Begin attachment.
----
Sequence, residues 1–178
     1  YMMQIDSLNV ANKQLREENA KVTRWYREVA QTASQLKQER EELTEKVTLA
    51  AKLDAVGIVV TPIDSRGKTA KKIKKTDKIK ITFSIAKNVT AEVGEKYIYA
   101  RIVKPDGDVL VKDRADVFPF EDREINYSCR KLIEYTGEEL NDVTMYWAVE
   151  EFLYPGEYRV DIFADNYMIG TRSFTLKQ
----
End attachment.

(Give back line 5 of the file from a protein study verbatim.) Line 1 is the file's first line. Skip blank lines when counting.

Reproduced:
   151  EFLYPGEYRV DIFADNYMIG TRSFTLKQ